Welcome back, periodic readers.
One more groovy spectrum
I know that you’ve been wondering for so long, “What exactly does Fourier analysis do?”
Here, I will give you three easy mathematical challenges; please prepare for them.
Firstly, on any surface of your choice, try drawing a part of y=sin(x), not necessarily precisely.
It’s not difficult, isn’t it?
All right! Second challenge! Now try drawing y=sin(7x)+(sin3x), by hand. (The usage of rulers is permitted, at most. I am generous.)
Let alone precision – can you even state immediately when the curve rises and when it goes down?
Third and last. Consider if I give you this curve below without its equation and ask you to find the resultant curve if you remove a y=sin(3x) from it.
Manually, it is fair to say that doing this is hard and senseless.
Hang on a minute! What if we viewed the questions in the frequency domain?
Easy as – the curve is just a few vertical lines.
Some tasks seemingly insurmountable in the time domain are easy to deal with in the frequency domain – this is exactly where we need the techniques named after Baron Jean Baptiste Joseph Fourier.
Getting rid of some specific frequencies in a function (as seen in Challenge 3) is called wave filtering. It is not hard to see that it is ideal if the original signal is first Fourier transformed and broken down into its frequency components.
We will soon see this in action. Before that, let’s continue clearing some basics.
I am not sure about you, but when I was plotting those graphs in Part A, I felt that the gist of the entirety of the frequency domain was to look “sideways”, to enumerate all the additive components of a curve you’d say. And now, we are looking from above – or below.
Let’s review what the term “phase” refers to.The frequency spectrum we discussed before does not contain all the necessary information to reconstruct a function, because for each component, amplitude, frequency and phase are equally important. We’ll attempt to construct a spectrum diagram representing all of those quantities.
More specifically, the black curve is formed by the addition of the three sine waves behind it, arranged in the order of frequency. Their phases are projected onto a plane.
Time for a summary,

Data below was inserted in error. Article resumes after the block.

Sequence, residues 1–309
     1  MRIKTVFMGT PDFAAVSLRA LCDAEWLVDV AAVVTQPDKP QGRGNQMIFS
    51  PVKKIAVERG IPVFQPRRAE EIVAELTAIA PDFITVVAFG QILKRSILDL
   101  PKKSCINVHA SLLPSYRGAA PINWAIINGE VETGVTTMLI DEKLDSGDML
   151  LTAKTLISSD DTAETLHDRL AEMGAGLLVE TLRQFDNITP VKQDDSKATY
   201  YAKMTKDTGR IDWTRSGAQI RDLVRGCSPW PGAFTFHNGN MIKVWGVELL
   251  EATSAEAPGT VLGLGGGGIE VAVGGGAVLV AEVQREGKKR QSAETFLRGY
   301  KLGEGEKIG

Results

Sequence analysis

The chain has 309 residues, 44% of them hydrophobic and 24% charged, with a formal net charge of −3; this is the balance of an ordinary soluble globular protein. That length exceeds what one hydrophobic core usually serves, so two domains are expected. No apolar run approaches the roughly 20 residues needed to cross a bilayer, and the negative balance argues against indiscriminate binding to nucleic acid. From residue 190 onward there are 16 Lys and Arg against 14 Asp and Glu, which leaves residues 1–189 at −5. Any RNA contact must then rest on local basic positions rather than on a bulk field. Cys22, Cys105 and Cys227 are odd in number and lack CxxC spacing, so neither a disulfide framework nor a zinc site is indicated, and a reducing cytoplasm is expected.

If you have been following, I believe that the first three chapters might have reshaped your ideas about the frequency domain and Fourier analysis. However, in the early example of chapter 1 about music, I said that it was mathematically incorrect. Why?
The essence of a Fourier series lies in the fact that it breaks down a periodic signal into an infinite sum of (discrete) harmonic waves. However, the evolving and chaotic universe does not seem to be periodical; time never stops its pace; some things are destined to be once-in-a-lifetime. They happen and don’t return again, no matter how eagerly (or not) we want them to, and no matter how clearly we memorise them during their occurrence. On the other hand, as things take place and go, much of our mundane life is going to be forgotten, while only the most significant events fracture into pieces of stories that occasionally haunt our minds. In all, memories work such that they are a real-life transformation between two kinds of signals:
Abstractly, experiences in the real world form a continuous non-periodic signal, and the memory is a periodic discrete signal.
Relatedly, Vsauce has good episodes about memory (and that’s why I devised the entire example)
It is a bummer, but there are NO mathematical tools capable of converting between them – between continuous non-periodic signals and periodic discrete signals.
Take the Fourier series as an example; it carries out the conversion between continuous periodic signals and non-periodic discrete signals. I seem to intentionally bend your mind here… Please, just revisit the diagrams in Chapter 2 and you will get what I am saying.
Contrarily, Fourier transformation is a conversion between a time-wise non-periodic continuous function and a frequency-wise non-periodic continuous function.
To better aid your understanding, it’s diagram time. The breakdown of a square wave – our old friend – looks like this:
Now imagine, as the components get closer and closer, neighbouring waves start to merge, and the sum symbol transitions into an integration symbol.
A patch of tremulous sea, this is what you will get.
All this, gradually dotted with fancy maths, is not the entire story. To proceed further we would have to pay Euler a visit. And I will try to finish that section between my MATHS 250 and MATHS 260 exams. It’s more of a personal revision.
A hint of where we are going:
I could have done the image with only one wavelength…